Danielle Allen is a political theorist at Harvard University and a contributing columnist for The Post.
“Standing Up for Our Law Enforcement Community” is seventh on the list of the Trump White House’s eight top issues. “One of the fundamental rights of every American is to live in a safe community,” the White House website proclaims. Who would not affirm this expansion of the list of our fundamental rights? Or the importance of honoring “our men and women in uniform” and supporting “their mission of protecting the public”?
But the website veers into the surreal. “The Trump Administration will be a law and order administration,” it tells us, for a country that “needs more law enforcement.”
Can we really swallow that?
Consider the numbers: Nearly one out of every 100 adult Americans is incarcerated, or more than 2 million people. The world has never seen a penal system like this before.
Consider, too, America’s preeminence in imprisoning people. Close to 25 percent of the world’s prisoners are in U.S. prisons, though only about 5 percent of the world’s population lives between our shining shores.
More than half of our prison population is black or Hispanic, but these are not the groups that saw the largest increase in imprisonment from 2002 to 2010. That prize goes to white women. The volume of our law enforcement has achieved world-historical magnitude. The idea that we need more law enforcement sends chills down my spine.
The fact of our historic levels of incarceration should provoke us to consider whether perhaps we need not increases in law enforcement but different approaches to criminal justice.
The war on drugs is a driver of a lot of our use of the judicial system and law enforcement. This heavy use may well explain some significant part of increases in levels of violence.
Attorney General Jeff Sessions may be enamored of it, but consider how the war on drugs bloats and disables the judicial system. Fourteen percent of imprisoned Americans have been sentenced for nonviolent drug offenses. And then there are all the violent offenses that flow from the intertwining double helix of drugs and gangs. But that is not all.
In recent years, as many as 32 percent of defendant filings in federal courts, in a given year, are for drug-related cases. This is the biggest category of filings. They are a large category in states, too. In other words, the illegal drug economy overburdens our judicial system and increases prosecutorial workloads. There is good reason to think that this overload helps explain why homicide clearance rates have fallen as low as they have, leading to a phase shift in levels of violence in urban areas. For instance, according to a retired police officer interviewed by NPR, Vernon Geberth, police nowadays face a higher bar in trying to clear a case because overburdened prosecutors want only easy cases. Then, as violence in urban contexts increases, impoverished communities end up ever more entrapped in the protection rackets run by gangs and the international traffickers who employ them.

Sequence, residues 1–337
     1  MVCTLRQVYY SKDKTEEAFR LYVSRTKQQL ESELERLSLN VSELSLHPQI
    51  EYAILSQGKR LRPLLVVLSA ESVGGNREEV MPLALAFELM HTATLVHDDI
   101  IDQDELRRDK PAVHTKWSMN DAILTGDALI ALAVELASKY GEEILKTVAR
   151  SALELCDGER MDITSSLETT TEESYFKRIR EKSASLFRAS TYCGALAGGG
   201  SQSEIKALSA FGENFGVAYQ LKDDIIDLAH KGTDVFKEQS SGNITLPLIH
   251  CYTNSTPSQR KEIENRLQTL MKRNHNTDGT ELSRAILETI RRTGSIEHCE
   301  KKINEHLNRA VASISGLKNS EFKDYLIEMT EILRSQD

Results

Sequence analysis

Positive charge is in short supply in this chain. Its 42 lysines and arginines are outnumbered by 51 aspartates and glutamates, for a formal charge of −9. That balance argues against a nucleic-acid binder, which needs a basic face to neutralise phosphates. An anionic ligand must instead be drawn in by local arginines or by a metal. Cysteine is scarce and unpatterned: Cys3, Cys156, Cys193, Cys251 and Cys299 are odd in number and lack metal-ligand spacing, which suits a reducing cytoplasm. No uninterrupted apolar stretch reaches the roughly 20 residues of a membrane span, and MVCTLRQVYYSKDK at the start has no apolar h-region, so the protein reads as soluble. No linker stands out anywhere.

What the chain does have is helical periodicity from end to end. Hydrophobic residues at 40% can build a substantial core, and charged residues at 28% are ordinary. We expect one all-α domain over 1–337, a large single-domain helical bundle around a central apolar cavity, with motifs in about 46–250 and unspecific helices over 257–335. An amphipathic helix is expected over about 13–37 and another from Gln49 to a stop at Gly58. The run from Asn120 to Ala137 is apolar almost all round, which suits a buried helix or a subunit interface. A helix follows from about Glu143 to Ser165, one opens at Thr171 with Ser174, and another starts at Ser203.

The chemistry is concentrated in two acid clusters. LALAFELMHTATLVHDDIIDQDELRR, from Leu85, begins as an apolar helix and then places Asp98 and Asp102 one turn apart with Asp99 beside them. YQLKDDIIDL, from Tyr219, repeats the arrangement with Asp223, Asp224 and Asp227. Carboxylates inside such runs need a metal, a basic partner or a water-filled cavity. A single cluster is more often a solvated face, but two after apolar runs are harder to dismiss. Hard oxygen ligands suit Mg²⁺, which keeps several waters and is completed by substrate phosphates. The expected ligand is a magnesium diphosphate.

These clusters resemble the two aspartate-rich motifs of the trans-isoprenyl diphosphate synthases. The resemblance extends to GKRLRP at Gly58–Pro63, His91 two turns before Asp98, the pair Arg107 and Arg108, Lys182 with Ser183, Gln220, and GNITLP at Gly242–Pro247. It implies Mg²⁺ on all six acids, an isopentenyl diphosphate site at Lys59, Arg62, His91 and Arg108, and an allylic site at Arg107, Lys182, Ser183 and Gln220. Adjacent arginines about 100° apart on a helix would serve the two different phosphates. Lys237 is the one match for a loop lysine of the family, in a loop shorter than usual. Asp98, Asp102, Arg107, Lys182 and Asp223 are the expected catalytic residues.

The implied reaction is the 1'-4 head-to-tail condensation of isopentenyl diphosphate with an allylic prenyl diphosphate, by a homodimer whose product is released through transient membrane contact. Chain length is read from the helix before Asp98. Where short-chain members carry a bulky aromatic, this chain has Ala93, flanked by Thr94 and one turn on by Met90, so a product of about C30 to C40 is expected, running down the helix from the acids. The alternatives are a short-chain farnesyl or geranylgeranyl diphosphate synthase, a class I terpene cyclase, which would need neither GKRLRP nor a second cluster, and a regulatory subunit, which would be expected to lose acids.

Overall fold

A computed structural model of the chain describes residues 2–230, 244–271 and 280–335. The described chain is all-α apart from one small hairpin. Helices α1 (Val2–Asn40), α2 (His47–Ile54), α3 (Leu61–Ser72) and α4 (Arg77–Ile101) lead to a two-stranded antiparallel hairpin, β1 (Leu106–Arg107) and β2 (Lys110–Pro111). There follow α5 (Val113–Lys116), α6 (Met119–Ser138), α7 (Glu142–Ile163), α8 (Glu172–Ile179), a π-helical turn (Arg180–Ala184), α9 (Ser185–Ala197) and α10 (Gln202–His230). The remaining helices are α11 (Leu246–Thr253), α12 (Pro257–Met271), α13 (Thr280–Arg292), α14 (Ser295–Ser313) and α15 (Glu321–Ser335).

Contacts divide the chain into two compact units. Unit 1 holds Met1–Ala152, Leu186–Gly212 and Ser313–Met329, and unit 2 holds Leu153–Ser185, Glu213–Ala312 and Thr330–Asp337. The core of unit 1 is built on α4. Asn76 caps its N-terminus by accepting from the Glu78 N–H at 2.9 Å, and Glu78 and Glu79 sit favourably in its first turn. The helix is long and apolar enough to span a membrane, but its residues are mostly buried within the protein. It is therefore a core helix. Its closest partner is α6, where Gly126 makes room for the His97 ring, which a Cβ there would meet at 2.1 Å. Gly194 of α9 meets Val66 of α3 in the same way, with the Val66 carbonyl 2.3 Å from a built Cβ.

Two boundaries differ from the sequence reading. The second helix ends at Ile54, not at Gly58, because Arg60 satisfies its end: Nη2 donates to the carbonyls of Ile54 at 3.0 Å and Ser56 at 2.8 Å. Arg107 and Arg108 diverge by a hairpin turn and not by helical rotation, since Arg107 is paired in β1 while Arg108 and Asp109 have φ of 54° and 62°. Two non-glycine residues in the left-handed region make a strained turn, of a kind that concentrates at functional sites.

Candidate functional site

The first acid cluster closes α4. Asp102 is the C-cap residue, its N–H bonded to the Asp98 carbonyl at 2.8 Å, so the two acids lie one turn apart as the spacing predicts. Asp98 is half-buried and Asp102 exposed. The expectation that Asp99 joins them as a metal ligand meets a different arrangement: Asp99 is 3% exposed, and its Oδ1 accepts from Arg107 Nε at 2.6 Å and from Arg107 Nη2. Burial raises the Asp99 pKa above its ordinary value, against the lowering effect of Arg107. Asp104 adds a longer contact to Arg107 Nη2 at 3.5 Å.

There is another way.
In 2001, Portugal eliminated criminal penalties for low-level possession and consumption of all illicit drugs and reclassified these activities as administrative violations. Instead of being arrested, people found in possession of personal-use amounts are ordered to appear before a “dissuasion commission”; the result is treatment, a fine or other administrative sanctions. Drug trafficking remains criminal, but decriminalization of personal-use possession has brought drug dependency out of the shadows. In Portugal, the number of people seeking treatment increased by 60 percent between 1998 and 2011, and adolescent drug use has decreased since the law’s passage. At the same time, the percentage of people in prison for drug violations fell from 44 percent in 1999 to 24 percent in 2013. And the overall quantity of illicit drugs seized actually increased, possibly because public-safety resources could be directed to targets higher up the supply chain.
Achieving such results requires not more law enforcement but law enforcement that functions differently. It also requires fiscal reallocations from criminal justice to education, health and human and social services.
The story is not one of shortage. The ratio of law-enforcement officers to both teachers and doctors has crept modestly up over the past two decades; law enforcement’s numbers have kept pace with population growth, which has not been the case for teachers and doctors.
We can and should be proud of the men and women in uniform who keep us safe. But none of us can be proud of the largest system of incarceration the world has ever known. It is a sign that our society is not flourishing. We can honor our police and also find a path toward a more rewarding version of their job, one that relieves them of some portion of the burden of addressing addiction, responsibly shifts fiscal resources to health care, and therefore can direct criminal issues to law enforcement and health issues to health professionals.
We can be proud of all our caring professions — police, teachers, social workers, doctors — and ask that they stand side by side as partners, sharing resources appropriately, as we seek to secure liberty, justice and thriving lives for all.